A i w a - I’d Rather Take You Out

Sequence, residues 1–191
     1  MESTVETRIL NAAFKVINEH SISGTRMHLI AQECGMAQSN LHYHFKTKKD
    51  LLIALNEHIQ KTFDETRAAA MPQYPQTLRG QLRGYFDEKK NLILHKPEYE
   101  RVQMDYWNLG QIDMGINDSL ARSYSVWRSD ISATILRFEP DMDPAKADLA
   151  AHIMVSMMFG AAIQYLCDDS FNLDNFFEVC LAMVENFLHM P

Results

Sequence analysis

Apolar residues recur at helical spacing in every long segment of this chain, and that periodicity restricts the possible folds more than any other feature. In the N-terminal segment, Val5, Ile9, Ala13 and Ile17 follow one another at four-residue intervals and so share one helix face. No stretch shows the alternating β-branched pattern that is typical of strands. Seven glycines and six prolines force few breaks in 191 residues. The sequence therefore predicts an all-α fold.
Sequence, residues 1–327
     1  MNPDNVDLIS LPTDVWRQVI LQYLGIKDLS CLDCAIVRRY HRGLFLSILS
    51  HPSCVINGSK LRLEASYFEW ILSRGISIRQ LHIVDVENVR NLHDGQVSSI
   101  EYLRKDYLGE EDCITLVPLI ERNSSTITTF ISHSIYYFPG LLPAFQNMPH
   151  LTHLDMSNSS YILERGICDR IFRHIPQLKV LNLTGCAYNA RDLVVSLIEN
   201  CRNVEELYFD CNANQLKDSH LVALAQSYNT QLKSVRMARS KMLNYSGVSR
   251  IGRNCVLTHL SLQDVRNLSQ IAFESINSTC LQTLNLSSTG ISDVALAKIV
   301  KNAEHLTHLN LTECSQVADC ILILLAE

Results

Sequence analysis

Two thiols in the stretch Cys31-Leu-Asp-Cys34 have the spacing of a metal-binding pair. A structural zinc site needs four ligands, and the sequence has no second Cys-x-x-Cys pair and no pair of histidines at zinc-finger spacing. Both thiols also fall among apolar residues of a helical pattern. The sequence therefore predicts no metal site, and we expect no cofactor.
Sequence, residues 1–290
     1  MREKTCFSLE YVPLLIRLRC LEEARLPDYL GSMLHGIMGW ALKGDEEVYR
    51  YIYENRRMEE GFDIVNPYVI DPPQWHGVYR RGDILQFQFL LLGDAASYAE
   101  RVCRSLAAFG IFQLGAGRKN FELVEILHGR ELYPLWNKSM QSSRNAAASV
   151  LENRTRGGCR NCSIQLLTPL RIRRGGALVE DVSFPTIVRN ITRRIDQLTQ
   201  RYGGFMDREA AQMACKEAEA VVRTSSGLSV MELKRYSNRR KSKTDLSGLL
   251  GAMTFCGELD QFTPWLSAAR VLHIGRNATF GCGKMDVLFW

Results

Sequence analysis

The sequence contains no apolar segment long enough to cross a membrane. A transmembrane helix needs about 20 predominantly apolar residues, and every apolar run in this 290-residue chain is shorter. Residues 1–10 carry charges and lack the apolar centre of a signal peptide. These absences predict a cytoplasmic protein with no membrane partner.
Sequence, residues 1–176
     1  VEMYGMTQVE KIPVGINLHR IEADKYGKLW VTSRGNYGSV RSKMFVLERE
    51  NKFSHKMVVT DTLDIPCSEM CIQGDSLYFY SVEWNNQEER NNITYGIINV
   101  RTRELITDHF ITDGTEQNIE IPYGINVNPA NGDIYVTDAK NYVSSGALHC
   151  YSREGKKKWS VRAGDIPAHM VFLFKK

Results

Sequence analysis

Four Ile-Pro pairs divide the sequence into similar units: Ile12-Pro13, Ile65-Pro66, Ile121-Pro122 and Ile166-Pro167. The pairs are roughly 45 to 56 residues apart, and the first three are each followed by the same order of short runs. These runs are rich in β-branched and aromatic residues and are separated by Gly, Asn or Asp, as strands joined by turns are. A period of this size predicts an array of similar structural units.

The Budapest-based Farbwechsel (German for ‘colour change’) label is due to shift away from cassette releases soon in order to move into the more grown up realm of vinyl, and if evidence was ever needed of how big a loss to the format they’ll be, it’s the strength of A i w a's new cassette. It was with a digital release from Lajos Nádházi’s A i w a project that Farbwechsel christened itself, and the artist’s blend of deep abstraction and funky grooves has defined the label to no small extent. I’d Rather Take You Out isn’t the most immediately potent statement from the producer (that was his vapor-infused debut EP, ティーシャツ), but the ten tracks simmer and eventually overpower the listener every time. ‘Busy Lobby’ opens with syncopated foot tapped rhythms and synth chords that only partially evade funkiness, leaning more heavily on melody than ever before, dancing around the core beat in a dizzying way. This feeling of lethargy, of a rave twisted just out of its groove, permeates the entire tape, with longer tracks like the seven and half minute minimal house fest, ‘Livejam Sims’ and deep acid of ‘Would Not’, uncharacteristically slowly working their dance magic. ‘Take 0’ shows off A i w a’s ability to write a catchy hook too, and like the rest of this tape, it’s uncertain whether we should boogie or chill. Why not try both.